OBJECTIVE. The purpose of our study was to investigate ultrasound criteria to determine the most accurate criterion to differentiate metastatic from benign lymph nodes on ultrasound and to evaluate the frequency of metastasis according to the cytology results. MATERIALS AND METHODS. One hundred eighteen consecutive patients with thyroid malignancy underwent fine-needle biopsy of suspicious lymph nodes. We investigated the diagnostic performance of each ultrasound feature (loss of fatty hilum, presence of cystic change or calcification, hyperechogenicity, and round shape) and ultrasound criteria 1 and 2. We considered criterion 1 to be if one of the aforementioned malignant ultrasound findings was present and criterion 2 to be if one of the aforementioned malignant ultrasound findings, excluding the loss of fatty hilum, was present. Cytology results were divided into metastasis, macrophages without malignant cells, cell paucity, and negative for malignancy, and we evaluated the frequency of metastasis. RESULTS. There were 91 metastatic and 27 benign nodes. The area under the receiver operating characteristic curve value of criterion 2 was significantly higher than that of criterion 1. The frequency of metastasis was highest with a cytologic result of metastasis (95.8%), followed by macrophages without malignant cells (87.5%), cell paucity (71.4%), and negative for malignancy (34.4%). CONCLUSION. The most accurate ultrasound criterion to differentiate metastatic from benign lymph nodes was ultrasound criterion 2 (any suspicious ultrasound features except for loss of fatty hilum), and we should not neglect lymph nodes with suspicious ultrasound features, even if they do not contain malignant cells on cytology.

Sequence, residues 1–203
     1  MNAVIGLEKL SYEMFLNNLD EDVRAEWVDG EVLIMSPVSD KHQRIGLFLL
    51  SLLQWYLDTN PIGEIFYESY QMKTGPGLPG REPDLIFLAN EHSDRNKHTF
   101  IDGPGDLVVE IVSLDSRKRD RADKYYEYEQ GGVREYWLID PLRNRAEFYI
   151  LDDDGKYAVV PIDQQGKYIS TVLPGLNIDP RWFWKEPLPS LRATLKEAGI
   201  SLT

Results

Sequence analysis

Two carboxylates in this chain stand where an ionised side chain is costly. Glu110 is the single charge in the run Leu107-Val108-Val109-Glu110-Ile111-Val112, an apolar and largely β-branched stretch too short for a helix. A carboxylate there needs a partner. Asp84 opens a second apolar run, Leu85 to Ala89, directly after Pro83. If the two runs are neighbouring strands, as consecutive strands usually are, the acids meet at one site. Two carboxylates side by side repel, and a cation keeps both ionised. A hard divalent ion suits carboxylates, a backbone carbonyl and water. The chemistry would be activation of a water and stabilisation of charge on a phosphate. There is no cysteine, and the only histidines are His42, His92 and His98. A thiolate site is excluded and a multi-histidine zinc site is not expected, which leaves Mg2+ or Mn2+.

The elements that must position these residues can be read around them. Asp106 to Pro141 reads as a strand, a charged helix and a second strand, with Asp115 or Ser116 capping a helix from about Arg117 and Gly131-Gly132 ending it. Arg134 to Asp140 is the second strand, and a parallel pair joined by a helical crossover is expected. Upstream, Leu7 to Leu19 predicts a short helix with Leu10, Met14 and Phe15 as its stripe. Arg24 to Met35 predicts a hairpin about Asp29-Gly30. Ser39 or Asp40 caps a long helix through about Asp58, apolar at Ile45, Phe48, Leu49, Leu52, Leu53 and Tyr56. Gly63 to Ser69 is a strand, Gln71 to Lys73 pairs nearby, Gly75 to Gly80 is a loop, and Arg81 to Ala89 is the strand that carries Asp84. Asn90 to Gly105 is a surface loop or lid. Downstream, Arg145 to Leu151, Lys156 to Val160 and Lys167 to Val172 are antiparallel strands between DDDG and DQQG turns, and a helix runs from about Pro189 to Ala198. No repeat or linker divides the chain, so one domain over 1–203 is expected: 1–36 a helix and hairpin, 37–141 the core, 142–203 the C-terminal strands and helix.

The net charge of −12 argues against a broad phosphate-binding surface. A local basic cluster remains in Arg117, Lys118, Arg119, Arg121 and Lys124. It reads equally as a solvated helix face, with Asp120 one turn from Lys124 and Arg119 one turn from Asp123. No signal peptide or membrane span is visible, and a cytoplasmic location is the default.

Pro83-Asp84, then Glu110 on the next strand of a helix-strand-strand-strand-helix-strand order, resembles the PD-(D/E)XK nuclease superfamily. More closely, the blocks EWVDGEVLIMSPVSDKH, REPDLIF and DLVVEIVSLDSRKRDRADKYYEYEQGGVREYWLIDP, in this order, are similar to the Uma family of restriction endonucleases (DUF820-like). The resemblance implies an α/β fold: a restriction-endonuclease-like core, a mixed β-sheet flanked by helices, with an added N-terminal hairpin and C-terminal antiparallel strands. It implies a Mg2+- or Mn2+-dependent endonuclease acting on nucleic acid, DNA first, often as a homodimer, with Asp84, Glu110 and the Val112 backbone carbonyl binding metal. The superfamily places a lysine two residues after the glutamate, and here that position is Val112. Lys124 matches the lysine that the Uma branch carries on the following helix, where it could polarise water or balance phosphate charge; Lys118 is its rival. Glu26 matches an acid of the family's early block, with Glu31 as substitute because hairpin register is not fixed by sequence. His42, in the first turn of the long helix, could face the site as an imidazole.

All Science Journal Classification (ASJC) codes
- Radiology Nuclear Medicine and imaging